As Jayber Crow noted in his own account of the town of Port William and the membership thereof, "telling a story is like reaching into a granary full of wheat and drawing out a handful. There is always more to tell than can be told".  That is ever the case with any Port William story,  for they are richly interconnected with one another and with the town's story through time. The passage of time is a theme in every Berry story that I've read -- considering as he does the maturation or degradation of characters and the community itself --  and that, combined with the fact that we encounter the same characters and some of the same stories from different angles in different books, means this is a fulsome fictional experience. Berry affects me like no other author in taking me through the full gamut of human emotions -- youthful romance,   debt-induced desperation, deep satisfaction in work well done,  sadness and estrangement over an ill-considered marriage,  rage and regret, and the deep sorrow of a parent whose child has become a stranger to them.  I've encountered Jack in other stories, and was entranced by him here.  As with any Port William story, this is not one of saccharine and happy endings; tragic things happen, and life goes on, characters making the best lives they can for themselves, and -- fittingly -- the story does not end with Jack's death.  He lived within a community, within a family, and their response to his death is just as important as its happening.  One of the more touching moments of this particular novel is when a few of Jack's younger friends, silver-haired men who he had mentored, gather after the funeral and swap their favorite Jackisms.

Berry's fiction is exquisite, and The Memory of Old Jack easily ranks among my favorites along with Jayber Crow and Hannah Coulter.

Friday, October 19, 2018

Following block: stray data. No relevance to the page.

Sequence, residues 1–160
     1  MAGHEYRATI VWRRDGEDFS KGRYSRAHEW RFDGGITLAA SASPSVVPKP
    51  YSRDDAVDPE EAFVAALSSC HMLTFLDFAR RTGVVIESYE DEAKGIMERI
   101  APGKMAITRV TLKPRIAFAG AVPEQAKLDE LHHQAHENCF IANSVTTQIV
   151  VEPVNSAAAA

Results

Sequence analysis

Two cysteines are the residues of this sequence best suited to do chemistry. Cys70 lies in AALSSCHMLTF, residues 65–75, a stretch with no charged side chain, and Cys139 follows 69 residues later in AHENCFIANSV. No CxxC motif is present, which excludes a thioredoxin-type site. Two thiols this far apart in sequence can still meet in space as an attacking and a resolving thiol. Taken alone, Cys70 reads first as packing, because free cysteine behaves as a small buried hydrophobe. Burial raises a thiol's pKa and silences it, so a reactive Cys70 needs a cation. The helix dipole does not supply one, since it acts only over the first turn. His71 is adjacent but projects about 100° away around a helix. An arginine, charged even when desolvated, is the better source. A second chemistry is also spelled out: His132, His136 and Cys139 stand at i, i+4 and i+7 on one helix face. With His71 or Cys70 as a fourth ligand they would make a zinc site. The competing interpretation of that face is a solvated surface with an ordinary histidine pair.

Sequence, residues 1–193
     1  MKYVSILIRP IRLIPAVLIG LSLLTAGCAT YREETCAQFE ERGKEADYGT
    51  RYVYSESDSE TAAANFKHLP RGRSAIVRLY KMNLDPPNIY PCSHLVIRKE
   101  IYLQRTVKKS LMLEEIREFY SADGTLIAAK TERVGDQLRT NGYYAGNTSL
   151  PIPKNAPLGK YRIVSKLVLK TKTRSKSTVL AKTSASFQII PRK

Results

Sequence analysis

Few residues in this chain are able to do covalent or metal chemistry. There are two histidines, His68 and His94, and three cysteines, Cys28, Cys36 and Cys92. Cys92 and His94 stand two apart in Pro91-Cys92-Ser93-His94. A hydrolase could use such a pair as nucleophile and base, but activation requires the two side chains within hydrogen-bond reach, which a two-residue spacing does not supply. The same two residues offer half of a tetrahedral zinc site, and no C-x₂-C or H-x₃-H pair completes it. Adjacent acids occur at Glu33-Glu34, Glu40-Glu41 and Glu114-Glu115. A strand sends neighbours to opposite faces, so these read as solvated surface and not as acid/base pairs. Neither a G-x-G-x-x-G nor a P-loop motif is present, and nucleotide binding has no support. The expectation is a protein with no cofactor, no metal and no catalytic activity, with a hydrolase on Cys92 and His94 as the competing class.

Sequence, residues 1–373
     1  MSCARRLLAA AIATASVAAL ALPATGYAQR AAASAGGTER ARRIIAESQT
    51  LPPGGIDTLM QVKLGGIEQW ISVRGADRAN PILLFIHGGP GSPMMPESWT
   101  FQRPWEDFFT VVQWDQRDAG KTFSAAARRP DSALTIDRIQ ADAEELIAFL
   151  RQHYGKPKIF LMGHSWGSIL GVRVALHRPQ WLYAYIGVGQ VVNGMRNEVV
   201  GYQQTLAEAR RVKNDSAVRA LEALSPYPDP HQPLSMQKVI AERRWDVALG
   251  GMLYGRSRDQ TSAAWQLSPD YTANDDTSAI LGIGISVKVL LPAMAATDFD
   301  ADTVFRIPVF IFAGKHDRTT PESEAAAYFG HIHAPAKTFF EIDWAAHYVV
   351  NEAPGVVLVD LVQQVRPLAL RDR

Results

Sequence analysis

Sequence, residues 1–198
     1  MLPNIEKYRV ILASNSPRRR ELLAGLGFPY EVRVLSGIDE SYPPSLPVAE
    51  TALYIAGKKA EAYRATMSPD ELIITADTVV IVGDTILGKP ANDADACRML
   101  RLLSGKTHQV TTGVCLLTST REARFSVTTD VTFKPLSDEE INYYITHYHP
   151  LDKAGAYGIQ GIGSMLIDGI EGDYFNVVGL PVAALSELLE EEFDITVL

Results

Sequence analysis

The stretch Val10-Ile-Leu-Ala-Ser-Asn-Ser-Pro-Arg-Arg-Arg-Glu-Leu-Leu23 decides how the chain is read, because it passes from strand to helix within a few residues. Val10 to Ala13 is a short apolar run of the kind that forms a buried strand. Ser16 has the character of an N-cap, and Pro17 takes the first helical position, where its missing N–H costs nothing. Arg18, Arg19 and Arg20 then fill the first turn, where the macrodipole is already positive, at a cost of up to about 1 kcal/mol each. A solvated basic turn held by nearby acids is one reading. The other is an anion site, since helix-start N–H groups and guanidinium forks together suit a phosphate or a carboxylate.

Oliver Twist

Oliver Twist
© 1837 Charles Dickens
447 pages

"Please, sir, I want some more."   I had never read or otherwise encountered Oliver Twist before this month, but I immediately recognized that quote. Something about little Oliver sticks in the minds of other readers, just as it stuck in the mind of many characters who encountered him.  Oliver Twist is the story of an orphan who seems to escape and again from the clutches of uncaring or malicious adults, only to find himself right back in trouble. It was trouble that started before his birth, for as this narrative follows young Oliver's birth until he is about eleven or twelve,  its happenings eventually reveal a more elaborate family drama.  While Oliver is passing in and out of the hands of hostile adults -- first uncaring taskmasters, then criminals, who capture him after he escapes --  the arrival of a man with a mysterious past heightens the mortal danger to the boy, far beyond that of ordinary neglect and abuse.  The novel is replete with memorable characters, particularly Nancy --  a teenage girl associated with a gang of criminals, who helps them kidnap him for labor but regrets her actions, later laboring to atone for them.  Although this story is more grim than anything else I've read of Dickens, I appreciated the earn-your-happy-ending type conclusion, in which Oliver finally finds happiness but at the cost of a dear friend.